How to view XML files in a web browser

How to view XML files in a web browser

Turn XML files into something more useful.

web development and design, desktop and browser
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Once you learn that HTML is a form of XML, you might wonder what would happen if you tried to view an XML file in a browser. The results are quite disappointing—Firefox shows you a banner at the top of the page that says, "This XML file does not appear to have any style information associated with it. The document tree is shown below." The document tree looks like the file would look in an editor:

This is the beginning of the menu.xml file for the online manual that comes with Scribus, to which I'm a contributor. Although you see blue text, they are not clickable links. I wanted to be able to view this in a regular browser, since sometimes I need to go back and forth from the canvas in Scribus to the manual to figure out how to do something (maybe to see if I need to edit the manual to straighten out some misinformation or to add some missing information).

The way to help a browser know what to do with these XML tags is by using XSLT—Extensible Stylesheet Language Transformations. In a broad sense, you could use XSLT to transform XML to a variety of outputs, or even HTML to XML. Here I want to use it to present the XML tags to a browser as suitable HTML.

One slight modification needs to happen to the XML file:

Adding this second line to the file tells the browser to look for a file named scribus-manual.xsl for the style information. The more important part is to create this XSL file. Here is the complete listing of scribus-manual.xsl for the Scribus manual:

<?xml version="1.0" encoding="utf-8"?>

<xsl:stylesheet version="1.0"
  <xsl:template match="/">
    <title>Scribus Online Manual</title>
<style type="text/css">
h2,h3,h4 { text-indent: 50px;}
ul { margin-left: 100px;}
<table border="0" cellspacing="0" cellpadding="0" width="100%"
bgcolor="#183867" >
                <td align="left"><img src="images/docheader1.png" width="222"
                <td align="right"><img src="images/docheader2.png" width="318"

    <body bgcolor="#ffffff">

      <xsl:for-each select="menu">
        <xsl:for-each select="area">
          <h3><a href="{@file}" ><xsl:value-of select = "@text" /></a></h3>
          <xsl:for-each select="submenuitem">
            <h4><a href="{@file}" ><xsl:value-of select = "@text" /></a></h4>
                <xsl:for-each select="submenuitem">
                    <li><a href="{@file}" ><xsl:value-of select = "@text" /></a></li>
        <xsl:for-each select="area">
          <h3><a href="{@file}" ><xsl:value-of select = "@text" /></a></h3>

This looks a lot more like HTML, and you can see it contains a number of HTML tags. After some preliminary tags and some particulars about displaying H2, H3, and H4 tags, you see a Table tag. This adds a graphical heading at the top of the page and uses some images already in the documentation files.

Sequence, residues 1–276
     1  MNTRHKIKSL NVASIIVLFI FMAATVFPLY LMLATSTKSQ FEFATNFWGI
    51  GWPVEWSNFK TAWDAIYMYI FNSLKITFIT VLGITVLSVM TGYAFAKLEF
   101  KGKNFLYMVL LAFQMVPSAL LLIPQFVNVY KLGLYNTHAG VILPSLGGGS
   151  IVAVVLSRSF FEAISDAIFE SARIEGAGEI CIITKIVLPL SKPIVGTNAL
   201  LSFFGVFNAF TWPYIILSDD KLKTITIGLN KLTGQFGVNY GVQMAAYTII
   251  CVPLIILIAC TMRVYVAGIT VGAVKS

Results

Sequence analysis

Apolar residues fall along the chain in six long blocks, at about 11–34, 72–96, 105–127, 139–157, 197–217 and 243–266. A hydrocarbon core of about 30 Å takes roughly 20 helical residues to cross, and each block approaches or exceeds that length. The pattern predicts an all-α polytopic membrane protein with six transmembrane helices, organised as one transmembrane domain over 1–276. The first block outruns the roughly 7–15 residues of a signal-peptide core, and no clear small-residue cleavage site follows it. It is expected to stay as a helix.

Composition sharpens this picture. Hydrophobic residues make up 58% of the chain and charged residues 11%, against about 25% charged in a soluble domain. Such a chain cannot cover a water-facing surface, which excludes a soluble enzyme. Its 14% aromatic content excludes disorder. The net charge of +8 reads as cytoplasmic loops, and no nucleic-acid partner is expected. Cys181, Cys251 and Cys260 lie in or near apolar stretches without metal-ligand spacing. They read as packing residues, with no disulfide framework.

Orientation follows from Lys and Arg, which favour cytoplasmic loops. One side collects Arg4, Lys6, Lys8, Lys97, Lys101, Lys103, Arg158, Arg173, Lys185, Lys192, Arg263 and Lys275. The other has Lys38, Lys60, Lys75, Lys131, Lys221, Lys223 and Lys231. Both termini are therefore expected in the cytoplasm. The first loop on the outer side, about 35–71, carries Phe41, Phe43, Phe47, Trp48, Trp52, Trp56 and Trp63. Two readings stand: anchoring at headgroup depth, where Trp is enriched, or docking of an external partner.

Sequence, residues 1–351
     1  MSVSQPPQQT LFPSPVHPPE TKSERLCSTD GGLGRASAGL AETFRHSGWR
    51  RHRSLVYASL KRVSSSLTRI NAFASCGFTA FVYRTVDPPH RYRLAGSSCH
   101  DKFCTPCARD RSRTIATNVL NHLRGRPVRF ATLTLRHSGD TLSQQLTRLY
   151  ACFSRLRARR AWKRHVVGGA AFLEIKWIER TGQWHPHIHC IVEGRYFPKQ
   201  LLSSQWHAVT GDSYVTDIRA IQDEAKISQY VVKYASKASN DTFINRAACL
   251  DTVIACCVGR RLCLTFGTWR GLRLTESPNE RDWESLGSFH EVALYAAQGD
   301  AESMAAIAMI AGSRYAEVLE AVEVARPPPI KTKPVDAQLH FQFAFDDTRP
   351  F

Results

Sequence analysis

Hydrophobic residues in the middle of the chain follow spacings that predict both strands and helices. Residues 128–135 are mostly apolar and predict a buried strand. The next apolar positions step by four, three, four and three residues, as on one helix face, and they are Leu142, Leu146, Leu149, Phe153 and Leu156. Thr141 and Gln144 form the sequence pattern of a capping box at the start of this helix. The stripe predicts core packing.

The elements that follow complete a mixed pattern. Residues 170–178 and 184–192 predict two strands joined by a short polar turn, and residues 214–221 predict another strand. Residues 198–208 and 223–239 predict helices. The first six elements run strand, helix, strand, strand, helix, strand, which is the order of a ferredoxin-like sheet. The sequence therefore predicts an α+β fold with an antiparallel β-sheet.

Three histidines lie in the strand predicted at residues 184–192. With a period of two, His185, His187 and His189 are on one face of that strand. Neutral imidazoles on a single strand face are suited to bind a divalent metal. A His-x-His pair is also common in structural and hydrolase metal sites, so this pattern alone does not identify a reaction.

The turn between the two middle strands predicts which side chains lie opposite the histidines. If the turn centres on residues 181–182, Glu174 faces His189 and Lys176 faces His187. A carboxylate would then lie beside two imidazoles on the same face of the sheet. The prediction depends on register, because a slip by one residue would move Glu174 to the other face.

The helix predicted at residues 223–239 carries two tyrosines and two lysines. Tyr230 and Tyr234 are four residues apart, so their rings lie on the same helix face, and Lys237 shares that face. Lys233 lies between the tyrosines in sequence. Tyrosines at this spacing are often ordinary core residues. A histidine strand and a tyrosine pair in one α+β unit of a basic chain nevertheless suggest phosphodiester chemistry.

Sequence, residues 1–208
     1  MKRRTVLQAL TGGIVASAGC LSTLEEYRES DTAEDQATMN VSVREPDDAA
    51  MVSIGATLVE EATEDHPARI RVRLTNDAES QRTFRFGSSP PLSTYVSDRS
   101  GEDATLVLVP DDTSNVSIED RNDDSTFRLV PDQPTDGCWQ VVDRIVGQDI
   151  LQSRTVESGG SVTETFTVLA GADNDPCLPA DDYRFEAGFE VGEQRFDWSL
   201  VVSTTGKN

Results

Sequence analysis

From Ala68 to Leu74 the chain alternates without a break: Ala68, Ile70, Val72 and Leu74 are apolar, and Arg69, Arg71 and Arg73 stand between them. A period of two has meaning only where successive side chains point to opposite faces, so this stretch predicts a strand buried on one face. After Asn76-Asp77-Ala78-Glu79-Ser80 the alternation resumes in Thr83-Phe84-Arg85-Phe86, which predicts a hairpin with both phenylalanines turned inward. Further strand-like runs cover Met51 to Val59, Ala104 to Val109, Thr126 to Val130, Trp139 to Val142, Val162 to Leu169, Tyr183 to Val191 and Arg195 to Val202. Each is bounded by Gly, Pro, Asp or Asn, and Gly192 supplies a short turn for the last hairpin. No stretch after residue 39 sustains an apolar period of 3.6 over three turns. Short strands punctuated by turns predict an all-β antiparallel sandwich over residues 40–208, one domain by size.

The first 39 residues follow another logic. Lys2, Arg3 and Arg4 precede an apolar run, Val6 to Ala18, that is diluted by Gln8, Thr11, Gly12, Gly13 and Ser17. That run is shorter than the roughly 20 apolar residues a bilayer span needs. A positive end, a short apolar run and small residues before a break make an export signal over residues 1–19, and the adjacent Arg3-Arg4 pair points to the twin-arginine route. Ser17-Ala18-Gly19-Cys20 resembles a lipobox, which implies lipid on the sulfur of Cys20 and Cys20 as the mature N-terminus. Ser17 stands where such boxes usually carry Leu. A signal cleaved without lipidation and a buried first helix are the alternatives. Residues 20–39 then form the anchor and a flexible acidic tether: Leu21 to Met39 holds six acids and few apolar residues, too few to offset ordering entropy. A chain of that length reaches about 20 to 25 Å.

After this, you get into the process of dissecting the various submenuitem tags, trying to create the nested listing structure as it appears in Scribus when you view the manual. One feature I did not try to duplicate is the ability to collapse and expand submenuitem areas. As you can imagine, it takes some time to sort through the number of nested lists you need to create, but when I finished, here is how it looked:

This minimal editing to menu.xml does not interfere with Scribus' ability to show the manual in its own browser. I put this modified menu.xml file and the scribus-manual.xsl in the English documentation folder for 1.5.x versions of Scribus, so anyone using these versions can simply point their browser to the menu.xml file and it should show up just like you see above.

A much bigger chore I took on a few years ago was to create a version of the ICD10 (International Classification of Diseases, version 10) when it came out. Many changes were made from the previous version (ICD9) to 10. These are important since these codes must be used for diagnostic purposes in medical practice. You can easily download XML files from the US Centers for Medicare and Medicaid website since it is public information, but—just as with the Scribus manual—these files are hard to use.

Here is the beginning of the tabular listing of diseases:

One of the features I created was the color coding used in the listing shown here:

As with menu.xml, the only editing I did in this Tabular.xml file was to add <?xml-stylesheet type="text/xsl" href="tabular.xsl"?> as the second line of the file. I started this project with the 2014 version, and I was quite pleased to find that the original tabular.xsl stylesheet worked perfectly when the 2016 version came out, which is the last one I worked on. The Tabular.xml file is 8.4MB, quite large for a plaintext file. It takes a few seconds to load into a browser, but once it's loaded, navigation is fast.

While you may not often have to deal with an XML file in this way, if you do, I hope this article shows that your file can easily be turned into something much more usable.

About the author

Greg Pittman - Greg is a retired neurologist in Louisville, Kentucky, with a long-standing interest in computers and programming, beginning with Fortran IV in the 1960s. When Linux and open source software came along, it kindled a commitment to learning more, and eventually contributing. He is a member of the Scribus Team.